Financial crisis, contagion, and the British banking system between the world wars
In a globalised world, when financial crisis strikes, can countries which are well-integrated into the world financial system escape? Recent experience suggests not. In the early 1930s, Britain's openness at the centre of the world financial system left it vulnerable, particularly to the central European financial crisis. Yet there was no financial crisis in Britain in 1931, rather an exchange-rate crisis, and sterling left the exchange-rate regime of the gold exchange standard. The most important financial institutions, the joint-stock commercial banks, the central part of the payments system, remained robust and contributed to the stability of the British economy.
If you experience problems downloading a file, check if you have the proper application to view it first. In case of further problems read the IDEAS help page. Note that these files are not on the IDEAS site. Please be patient as the files may be large.
As the access to this document is restricted, you may want to look for a different version under "Related research" (further below) or search for a different version of it.
Volume (Year): 53 (2011)
Issue (Month): 2 ()
|Contact details of provider:|| Web page: http://www.tandfonline.com/FBSH20|
|Order Information:||Web: http://www.tandfonline.com/pricing/journal/FBSH20|
References listed on IDEAS
Please report citation or reference errors to , or , if you are the registered author of the cited work, log in to your RePEc Author Service profile, click on "citations" and make appropriate adjustments.:
- Stefano Battilossi, 2009. "Did governance fail universal banks? Moral hazard, risk taking, and banking crises in interwar Italy -super-1," Economic History Review, Economic History Society, vol. 62(s1), pages 101-134, August.
- Mark Carlson, 2004.
"Are Branch Banks Better Survivors? Evidence from the Depression Era,"
Western Economic Association International, vol. 42(1), pages 111-126, January.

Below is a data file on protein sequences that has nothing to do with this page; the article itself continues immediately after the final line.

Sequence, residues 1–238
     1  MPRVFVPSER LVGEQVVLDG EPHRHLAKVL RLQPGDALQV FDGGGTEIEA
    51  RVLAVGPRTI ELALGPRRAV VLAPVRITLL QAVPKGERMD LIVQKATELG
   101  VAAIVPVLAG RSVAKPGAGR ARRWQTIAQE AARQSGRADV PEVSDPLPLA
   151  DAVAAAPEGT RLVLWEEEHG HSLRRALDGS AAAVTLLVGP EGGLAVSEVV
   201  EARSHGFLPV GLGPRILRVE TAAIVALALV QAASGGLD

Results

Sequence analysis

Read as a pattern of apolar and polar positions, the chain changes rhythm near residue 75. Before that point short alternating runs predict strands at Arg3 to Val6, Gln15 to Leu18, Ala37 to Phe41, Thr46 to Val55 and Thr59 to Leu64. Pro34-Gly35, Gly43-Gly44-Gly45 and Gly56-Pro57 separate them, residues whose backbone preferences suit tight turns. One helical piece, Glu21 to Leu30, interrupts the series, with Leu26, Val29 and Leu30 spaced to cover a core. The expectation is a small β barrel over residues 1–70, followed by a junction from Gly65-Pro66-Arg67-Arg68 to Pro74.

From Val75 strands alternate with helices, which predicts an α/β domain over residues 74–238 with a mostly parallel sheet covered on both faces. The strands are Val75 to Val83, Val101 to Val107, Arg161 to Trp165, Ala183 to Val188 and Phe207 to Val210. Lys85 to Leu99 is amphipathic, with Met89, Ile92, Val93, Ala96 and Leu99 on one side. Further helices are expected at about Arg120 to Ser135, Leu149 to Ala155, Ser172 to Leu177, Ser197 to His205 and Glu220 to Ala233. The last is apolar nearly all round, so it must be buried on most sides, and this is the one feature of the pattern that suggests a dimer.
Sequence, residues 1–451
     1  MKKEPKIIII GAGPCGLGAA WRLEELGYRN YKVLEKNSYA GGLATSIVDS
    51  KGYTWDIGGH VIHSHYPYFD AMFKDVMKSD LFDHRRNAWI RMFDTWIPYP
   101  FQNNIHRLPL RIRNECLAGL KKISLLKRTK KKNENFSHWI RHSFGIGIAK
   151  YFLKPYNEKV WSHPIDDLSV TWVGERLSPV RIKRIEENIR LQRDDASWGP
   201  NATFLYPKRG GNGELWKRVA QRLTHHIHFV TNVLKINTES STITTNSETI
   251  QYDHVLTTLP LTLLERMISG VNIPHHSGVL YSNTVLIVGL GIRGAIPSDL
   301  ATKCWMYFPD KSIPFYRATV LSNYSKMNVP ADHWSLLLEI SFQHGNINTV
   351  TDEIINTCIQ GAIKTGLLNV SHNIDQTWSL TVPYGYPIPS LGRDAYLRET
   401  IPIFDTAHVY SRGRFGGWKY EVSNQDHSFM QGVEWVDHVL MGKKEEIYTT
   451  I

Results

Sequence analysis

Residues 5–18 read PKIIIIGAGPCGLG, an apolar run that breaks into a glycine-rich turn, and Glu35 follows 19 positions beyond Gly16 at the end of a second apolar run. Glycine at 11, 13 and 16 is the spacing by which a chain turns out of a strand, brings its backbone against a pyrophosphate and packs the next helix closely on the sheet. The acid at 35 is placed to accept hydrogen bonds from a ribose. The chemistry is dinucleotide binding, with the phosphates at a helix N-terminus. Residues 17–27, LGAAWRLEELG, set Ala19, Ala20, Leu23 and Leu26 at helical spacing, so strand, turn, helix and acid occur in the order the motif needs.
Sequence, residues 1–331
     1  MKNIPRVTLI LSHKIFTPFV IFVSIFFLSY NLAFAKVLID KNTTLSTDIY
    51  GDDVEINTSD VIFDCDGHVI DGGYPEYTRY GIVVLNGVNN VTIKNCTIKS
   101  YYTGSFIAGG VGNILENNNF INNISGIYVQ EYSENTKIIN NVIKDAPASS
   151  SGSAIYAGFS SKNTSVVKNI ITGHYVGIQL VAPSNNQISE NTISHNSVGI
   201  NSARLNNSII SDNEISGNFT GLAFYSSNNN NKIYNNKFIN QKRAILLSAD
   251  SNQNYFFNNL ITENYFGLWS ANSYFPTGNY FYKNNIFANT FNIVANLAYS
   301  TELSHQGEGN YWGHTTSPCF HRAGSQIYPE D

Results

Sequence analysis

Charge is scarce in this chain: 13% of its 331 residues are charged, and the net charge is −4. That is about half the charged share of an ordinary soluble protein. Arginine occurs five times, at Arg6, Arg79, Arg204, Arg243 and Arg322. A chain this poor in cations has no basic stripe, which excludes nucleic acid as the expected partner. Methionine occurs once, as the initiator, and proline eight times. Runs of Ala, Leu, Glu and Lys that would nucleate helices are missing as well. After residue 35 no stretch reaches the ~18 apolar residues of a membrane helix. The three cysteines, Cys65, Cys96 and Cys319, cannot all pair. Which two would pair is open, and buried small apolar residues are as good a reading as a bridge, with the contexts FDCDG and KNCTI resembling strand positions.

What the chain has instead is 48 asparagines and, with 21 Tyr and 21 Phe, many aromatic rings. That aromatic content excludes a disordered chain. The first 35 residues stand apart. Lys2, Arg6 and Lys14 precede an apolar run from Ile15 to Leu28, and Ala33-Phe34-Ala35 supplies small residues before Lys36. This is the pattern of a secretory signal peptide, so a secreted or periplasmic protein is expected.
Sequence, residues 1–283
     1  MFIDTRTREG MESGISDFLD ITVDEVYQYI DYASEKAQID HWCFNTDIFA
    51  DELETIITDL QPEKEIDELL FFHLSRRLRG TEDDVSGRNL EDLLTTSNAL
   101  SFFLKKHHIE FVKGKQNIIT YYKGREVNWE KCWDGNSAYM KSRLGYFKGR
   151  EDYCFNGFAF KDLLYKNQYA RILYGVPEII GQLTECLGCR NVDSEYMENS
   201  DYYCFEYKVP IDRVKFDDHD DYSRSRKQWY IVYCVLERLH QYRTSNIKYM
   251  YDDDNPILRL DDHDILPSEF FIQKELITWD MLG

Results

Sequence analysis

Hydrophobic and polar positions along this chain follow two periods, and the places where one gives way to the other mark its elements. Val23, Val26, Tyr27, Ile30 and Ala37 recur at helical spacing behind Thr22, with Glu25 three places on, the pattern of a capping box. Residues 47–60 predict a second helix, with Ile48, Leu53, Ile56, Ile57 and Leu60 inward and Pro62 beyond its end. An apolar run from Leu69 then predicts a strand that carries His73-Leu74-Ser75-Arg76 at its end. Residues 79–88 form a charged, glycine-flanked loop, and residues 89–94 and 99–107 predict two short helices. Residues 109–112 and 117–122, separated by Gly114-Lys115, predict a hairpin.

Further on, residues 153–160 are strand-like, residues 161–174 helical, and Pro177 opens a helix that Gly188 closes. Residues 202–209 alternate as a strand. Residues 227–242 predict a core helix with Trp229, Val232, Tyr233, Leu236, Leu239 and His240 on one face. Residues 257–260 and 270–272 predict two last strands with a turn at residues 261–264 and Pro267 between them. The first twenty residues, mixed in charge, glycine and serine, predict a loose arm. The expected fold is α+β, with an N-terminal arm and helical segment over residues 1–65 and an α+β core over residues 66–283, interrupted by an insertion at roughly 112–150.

- Mark A. Carlson, 2001. "Are branch banks better survivors? Evidence from the Depression era," Finance and Economics Discussion Series 2001-51, Board of Governors of the Federal Reserve System (U.S.).
- N/A, 1984. "Economic Recovery in the 1930s," National Institute Economic Review, National Institute of Economic and Social Research, vol. 110(1), pages 85-85, November.
- Richard Tilly, 1998. "Universal Banking in Historical Perspective," Journal of Institutional and Theoretical Economics (JITE), Mohr Siebeck, Tübingen, vol. 154(1), pages 1-7, March.
- Bordo, Michael D. & Choudhri, Ehsan U. & Schwartz, Anna J., 2002. "Was Expansionary Monetary Policy Feasible during the Great Contraction? An Examination of the Gold Standard Constraint," Explorations in Economic History, Elsevier, vol. 39(1), pages 1-28, January.
- Michael D. Bordo & Ehsan U. Choudhri & Anna J. Schwartz, 1999. "Was Expansionary Monetary Policy Feasible During the Great Contraction? An Examination of the Gold Standard Constraint," NBER Working Papers 7125, National Bureau of Economic Research, Inc.
- Burk, Kathleen, 1989. "Morgan Grenfell 1838-1988: The Biography of a Merchant Bank," OUP Catalogue, Oxford University Press, number 9780198283065.
- Howson, Susan, 1980. "The Management of Sterling, 1932–1939," The Journal of Economic History, Cambridge University Press, vol. 40(01), pages 53-60, March.
- Richardson, Gary, 2007. "The Check is in the Mail: Correspondent Clearing and the Collapse of the Banking System, 1930 to 1933," The Journal of Economic History, Cambridge University Press, vol. 67(03), pages 643-671, September.